What Do the Germans Make of the UK?

Main Image Credit Courtesy of German Presidency of the Council of the EU 2020. Photo of Sir Paul Lever: Courtesy of NATO

What are the realities and prospects of the UK’s relations with continental Europe’s most significant partner?

Twenty years ago, many Germans were puzzled – and some were angry – about the way their country was portrayed in the British press. They had reason to feel sore. Words like Hun, kraut and Nazi were regularly used and the terminology of the Second World War was often employed to describe whatever German-related event was of current interest – particularly if it involved football.

It was not just the tabloids. Even the Sunday Times once published an edition of its magazine section with a cover showing a picture of a soldier in a Prussian helmet and the caption ‘Why it's OK to hate the Germans’.

Today, it is very different. The British media's reporting on Germany is for the most part respectful and accurate. There is widespread admiration for Germany's economic and social model, for the effectiveness of its response to the coronavirus pandemic and for the quality of political leadership shown by its chancellor, Angela Merkel.

By contrast the German media's reporting on the UK has become increasingly toxic. The picture presented is of a country to be pitied, one whose leadership is incompetent and corrupt, whose democratic institutions are crumbling, whose economy is on the point of collapse and whose population has been manipulated into voting for extremists.

Of all Germany's media outlets the one which is the most relentlessly hostile in its coverage of the UK is ARD, the public service broadcaster and rough equivalent of the BBC. Its correspondent in London seems to see herself not as a journalist with a responsibility to report and explain, but as a political campaigner with a mission to expose the iniquities of an evil regime. But she is not alone. Even the Suddeutsce Zeitung, a middle-of-the-road broadsheet, published a column on Brexit under the heading of 'Affentheater' (‘theatre of monkeys’), indicating a complete farce.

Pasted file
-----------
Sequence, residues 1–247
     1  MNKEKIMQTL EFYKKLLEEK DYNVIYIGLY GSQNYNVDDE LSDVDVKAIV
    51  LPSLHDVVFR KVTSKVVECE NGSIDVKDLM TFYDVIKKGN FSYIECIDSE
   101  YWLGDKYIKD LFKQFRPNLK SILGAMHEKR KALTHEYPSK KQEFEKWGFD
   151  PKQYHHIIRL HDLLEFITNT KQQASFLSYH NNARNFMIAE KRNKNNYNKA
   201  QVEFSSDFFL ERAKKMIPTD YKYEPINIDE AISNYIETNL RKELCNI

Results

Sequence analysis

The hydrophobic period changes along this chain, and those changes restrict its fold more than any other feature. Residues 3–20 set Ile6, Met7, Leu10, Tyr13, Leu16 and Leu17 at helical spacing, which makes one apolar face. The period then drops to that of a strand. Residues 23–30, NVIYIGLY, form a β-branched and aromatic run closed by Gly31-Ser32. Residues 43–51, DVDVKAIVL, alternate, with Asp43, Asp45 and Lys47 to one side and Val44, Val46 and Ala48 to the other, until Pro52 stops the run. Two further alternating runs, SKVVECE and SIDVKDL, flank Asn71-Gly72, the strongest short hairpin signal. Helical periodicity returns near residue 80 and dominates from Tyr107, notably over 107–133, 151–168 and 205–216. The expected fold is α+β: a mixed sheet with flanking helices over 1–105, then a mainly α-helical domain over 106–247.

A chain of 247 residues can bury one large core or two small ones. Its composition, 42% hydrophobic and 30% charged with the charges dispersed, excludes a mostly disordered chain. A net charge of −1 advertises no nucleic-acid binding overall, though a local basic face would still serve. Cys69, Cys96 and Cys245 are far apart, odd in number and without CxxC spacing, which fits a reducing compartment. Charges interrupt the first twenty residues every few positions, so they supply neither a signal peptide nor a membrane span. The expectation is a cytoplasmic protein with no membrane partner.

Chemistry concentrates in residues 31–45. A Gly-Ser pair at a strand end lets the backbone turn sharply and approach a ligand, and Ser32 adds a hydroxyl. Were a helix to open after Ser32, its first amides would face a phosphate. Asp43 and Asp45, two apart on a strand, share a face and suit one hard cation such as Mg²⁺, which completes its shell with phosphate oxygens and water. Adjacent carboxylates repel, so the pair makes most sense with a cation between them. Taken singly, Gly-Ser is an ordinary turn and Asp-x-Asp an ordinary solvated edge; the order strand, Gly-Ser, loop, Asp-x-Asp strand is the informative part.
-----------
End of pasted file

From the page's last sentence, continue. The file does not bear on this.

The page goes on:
Not all German newspapers demonise the UK in this way. Die Welt, which has always sent particularly high-quality correspondents to London, still publishes objective reports. But for most of the German media the UK is now a country they cannot understand and do not much want to.

It is, of course, the decision to leave the EU which provokes this incomprehension. In Germany, Europe is the state religion and rejection of it is tantamount to sacrilege. There is no disposition in Germany to consider the possibility that the 17.5 million British citizens might have had rational motives for voting the way they did in 2016. The notion that rule from Brussels might be genuinely problematic in a country with a thousand years of independence and a long history of democratic stability is given no credence in German political discourse.

The personality of our prime minister is a further complicating factor. Humour is not an instrument much used in German politics, where sobriety of style and seriousness of expression tend to rule the day. Rhetorical flights of fancy of the kind which Boris Johnson delights in are greeted in Germany with perplexity and dismay. He is seen as a charlatan, a liar and a figure of fun. His former foreign minister colleague, Frank-Walter Steinmeier, now Germany's president, was once quoted as saying that he could not stand being in the same room as Johnson.